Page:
The Waves Test | Mid-Book Test - Hard

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This test consists of 5 short answer questions, 10 short essay questions, and 1 (of 3) essay topics.

Short Answer Questions

1. What word does Louis use to characterize himself in Section 3?

2. Who did Bernard seek to comfort during Section 1?

3. Who "only understands cries of love, hate, rage and pain"?

4. When he is alone, who "is nothing" in Section 4?

5. Who professes, without reservation, "Life will divide us"?

Short Essay Questions

1. What in particular separates Section 7 from the prior two sections, and why is that significant?

2. What is significant about displaying the children in school in the novel's first section?

3. What is the significance of the way the birds are depicted in Section 7's introduction?

4. Why is it relevant that Bernard is the first speaker in Section 4?

5. What is the significance of Bernard's efforts to perpetually simplify?

6. What are the characters doing at the beginning of Section 8, and why is that important?

7. What is significant about the opening description to Section 4?

8. Describe how Neville and Bernard are different as they appear in Section 3.

9. When the characters change locations in the text, it is not always noticeable. Identify why this is and the effect on the reader.

10. As the characters appear in Section 2, do you feel that they are becoming more or less self-aware? Briefly explain your answer with relevant examples from the text.

Essay Topics

Essay Topic 1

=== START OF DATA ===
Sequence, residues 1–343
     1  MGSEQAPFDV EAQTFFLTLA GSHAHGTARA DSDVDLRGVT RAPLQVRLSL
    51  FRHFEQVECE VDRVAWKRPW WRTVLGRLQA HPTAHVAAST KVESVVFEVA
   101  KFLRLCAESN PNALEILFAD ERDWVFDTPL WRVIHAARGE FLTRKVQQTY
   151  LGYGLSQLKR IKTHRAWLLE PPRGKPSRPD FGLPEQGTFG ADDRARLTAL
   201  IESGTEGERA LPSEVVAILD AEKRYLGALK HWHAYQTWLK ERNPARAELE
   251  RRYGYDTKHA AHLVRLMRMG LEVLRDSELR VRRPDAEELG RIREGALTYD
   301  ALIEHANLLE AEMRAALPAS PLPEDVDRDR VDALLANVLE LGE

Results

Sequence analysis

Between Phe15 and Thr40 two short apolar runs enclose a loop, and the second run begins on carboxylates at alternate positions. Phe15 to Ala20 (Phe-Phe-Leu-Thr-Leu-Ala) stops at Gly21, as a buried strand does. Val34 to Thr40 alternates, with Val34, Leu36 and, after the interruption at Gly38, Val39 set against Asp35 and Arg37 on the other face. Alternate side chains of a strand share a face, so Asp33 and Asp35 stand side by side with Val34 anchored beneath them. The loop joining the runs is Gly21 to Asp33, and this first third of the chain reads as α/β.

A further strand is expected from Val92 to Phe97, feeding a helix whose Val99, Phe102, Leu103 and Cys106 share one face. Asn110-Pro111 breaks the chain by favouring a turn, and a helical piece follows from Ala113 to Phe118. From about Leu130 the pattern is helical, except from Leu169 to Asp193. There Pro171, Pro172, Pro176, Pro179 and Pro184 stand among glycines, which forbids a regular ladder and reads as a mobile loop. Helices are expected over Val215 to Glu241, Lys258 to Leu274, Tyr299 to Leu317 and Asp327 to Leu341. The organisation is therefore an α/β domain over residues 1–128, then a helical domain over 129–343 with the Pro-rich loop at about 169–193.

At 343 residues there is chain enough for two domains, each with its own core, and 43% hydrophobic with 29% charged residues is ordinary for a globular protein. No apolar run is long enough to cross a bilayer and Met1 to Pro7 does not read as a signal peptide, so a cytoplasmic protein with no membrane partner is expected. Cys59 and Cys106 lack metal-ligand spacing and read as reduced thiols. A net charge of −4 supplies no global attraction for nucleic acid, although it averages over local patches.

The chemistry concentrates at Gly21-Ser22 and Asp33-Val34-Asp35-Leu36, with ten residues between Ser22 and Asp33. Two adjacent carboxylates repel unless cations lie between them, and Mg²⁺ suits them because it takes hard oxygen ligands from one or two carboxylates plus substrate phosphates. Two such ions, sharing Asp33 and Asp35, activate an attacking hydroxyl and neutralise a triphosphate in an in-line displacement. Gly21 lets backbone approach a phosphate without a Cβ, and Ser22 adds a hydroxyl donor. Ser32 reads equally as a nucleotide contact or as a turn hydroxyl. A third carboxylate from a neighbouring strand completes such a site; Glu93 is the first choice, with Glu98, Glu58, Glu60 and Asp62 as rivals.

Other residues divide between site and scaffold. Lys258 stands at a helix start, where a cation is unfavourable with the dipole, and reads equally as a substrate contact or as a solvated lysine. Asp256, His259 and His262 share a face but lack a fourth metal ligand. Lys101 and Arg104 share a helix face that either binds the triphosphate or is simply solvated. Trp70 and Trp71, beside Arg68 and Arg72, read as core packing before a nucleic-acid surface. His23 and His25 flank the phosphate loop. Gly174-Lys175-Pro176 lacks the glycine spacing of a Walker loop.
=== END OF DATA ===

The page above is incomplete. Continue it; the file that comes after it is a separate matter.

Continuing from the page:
How is Woolf able to create a coherent text that features a plot that can be summed up in the course of a few sentences (which you should offer in the course of your essay)? What are her greatest successes and greatest failures? Keep in mind that this was Virgina Woolf's last fully completed novel published before her suicide, and is often regarded as her masterpiece (although many of her works are generally considered masterpieces in their own right). Do you agree with the historical appraisal of this novel? It is okay to not like, or even hate this novel, a text that engages in such high levels of experimentation is likely to be divisive. In regard to how you feel towards the novel in particular, try and fathom whatever the opposite opinion could be. That is, if you find the novel successful, talk about how you can see that others may find it tedious and difficult.

Essay Topic 2

Write a detailed essay that addresses the question of whether or not Bernard is the novel's central character. Provide ample textual evidence to support your claim.

Essay Topic 3

Based on your familiarity and knowledge of the Modernist movement, how is this text the typical Modernist novel? What of its features are "Modernist?" What topics does it tackle that make it "Modernist?"

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